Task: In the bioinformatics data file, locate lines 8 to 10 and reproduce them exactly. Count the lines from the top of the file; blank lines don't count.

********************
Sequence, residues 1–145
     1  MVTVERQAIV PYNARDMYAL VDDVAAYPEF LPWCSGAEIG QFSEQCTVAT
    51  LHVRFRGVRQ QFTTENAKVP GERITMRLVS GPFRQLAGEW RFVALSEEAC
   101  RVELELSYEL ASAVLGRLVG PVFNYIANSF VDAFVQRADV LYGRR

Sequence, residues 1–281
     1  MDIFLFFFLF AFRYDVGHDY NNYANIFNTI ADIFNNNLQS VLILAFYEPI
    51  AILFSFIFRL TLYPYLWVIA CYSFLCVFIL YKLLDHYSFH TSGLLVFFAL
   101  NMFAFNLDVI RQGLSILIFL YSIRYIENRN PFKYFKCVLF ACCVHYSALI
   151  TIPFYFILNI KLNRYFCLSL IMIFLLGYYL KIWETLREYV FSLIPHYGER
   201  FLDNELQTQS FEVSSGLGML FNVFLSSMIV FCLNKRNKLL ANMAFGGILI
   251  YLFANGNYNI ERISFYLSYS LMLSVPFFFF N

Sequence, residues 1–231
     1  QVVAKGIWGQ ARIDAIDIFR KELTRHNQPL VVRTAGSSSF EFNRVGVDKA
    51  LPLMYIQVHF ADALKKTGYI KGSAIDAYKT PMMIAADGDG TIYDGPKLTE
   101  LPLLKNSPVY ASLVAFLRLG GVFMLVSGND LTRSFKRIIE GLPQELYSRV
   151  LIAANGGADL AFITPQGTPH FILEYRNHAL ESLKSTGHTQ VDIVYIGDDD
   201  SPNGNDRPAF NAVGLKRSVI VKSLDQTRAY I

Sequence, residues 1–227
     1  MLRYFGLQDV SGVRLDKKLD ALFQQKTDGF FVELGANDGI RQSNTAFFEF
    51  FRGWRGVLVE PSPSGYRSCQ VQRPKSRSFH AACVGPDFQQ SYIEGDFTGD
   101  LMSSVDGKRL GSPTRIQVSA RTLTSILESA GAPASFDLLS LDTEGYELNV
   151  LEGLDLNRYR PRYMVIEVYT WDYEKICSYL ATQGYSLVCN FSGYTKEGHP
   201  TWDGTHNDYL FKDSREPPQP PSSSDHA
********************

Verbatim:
   101  NMFAFNLDVI RQGLSILIFL YSIRYIENRN PFKYFKCVLF ACCVHYSALI
   151  TIPFYFILNI KLNRYFCLSL IMIFLLGYYL KIWETLREYV FSLIPHYGER
   201  FLDNELQTQS FEVSSGLGML FNVFLSSMIV FCLNKRNKLL ANMAFGGILI